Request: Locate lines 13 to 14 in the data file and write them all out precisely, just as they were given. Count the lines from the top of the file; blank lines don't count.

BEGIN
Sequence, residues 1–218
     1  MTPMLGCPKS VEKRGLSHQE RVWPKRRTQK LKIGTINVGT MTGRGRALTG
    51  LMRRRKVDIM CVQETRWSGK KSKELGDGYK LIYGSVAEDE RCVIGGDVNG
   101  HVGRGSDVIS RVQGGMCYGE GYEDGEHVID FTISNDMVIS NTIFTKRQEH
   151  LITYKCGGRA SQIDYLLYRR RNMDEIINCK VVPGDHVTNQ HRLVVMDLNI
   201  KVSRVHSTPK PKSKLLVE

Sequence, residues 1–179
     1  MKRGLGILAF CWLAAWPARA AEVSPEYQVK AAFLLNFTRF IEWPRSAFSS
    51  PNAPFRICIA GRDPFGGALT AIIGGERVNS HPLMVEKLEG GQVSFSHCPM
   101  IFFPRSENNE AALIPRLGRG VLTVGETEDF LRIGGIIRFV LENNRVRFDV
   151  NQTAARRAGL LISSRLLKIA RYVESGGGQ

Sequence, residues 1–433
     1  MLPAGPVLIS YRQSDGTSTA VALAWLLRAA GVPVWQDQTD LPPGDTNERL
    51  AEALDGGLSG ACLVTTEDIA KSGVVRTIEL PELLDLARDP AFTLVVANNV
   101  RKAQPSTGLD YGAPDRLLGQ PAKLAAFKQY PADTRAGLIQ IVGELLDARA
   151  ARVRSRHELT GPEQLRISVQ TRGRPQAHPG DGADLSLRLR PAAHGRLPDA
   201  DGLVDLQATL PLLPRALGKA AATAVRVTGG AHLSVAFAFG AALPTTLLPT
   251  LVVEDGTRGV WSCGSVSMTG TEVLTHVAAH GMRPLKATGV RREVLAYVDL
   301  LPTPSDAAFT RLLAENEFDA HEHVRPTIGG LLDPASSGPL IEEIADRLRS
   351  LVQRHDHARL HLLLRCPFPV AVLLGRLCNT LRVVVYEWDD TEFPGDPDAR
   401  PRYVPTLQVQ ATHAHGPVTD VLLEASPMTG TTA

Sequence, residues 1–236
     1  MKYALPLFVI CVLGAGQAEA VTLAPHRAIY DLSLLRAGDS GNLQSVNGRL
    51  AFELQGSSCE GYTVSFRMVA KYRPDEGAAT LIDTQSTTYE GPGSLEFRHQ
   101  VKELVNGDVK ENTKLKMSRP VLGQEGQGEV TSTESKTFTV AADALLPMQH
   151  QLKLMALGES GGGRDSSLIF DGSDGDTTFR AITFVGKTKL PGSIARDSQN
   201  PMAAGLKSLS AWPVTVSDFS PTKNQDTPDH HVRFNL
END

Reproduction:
     1  MLPAGPVLIS YRQSDGTSTA VALAWLLRAA GVPVWQDQTD LPPGDTNERL
    51  AEALDGGLSG ACLVTTEDIA KSGVVRTIEL PELLDLARDP AFTLVVANNV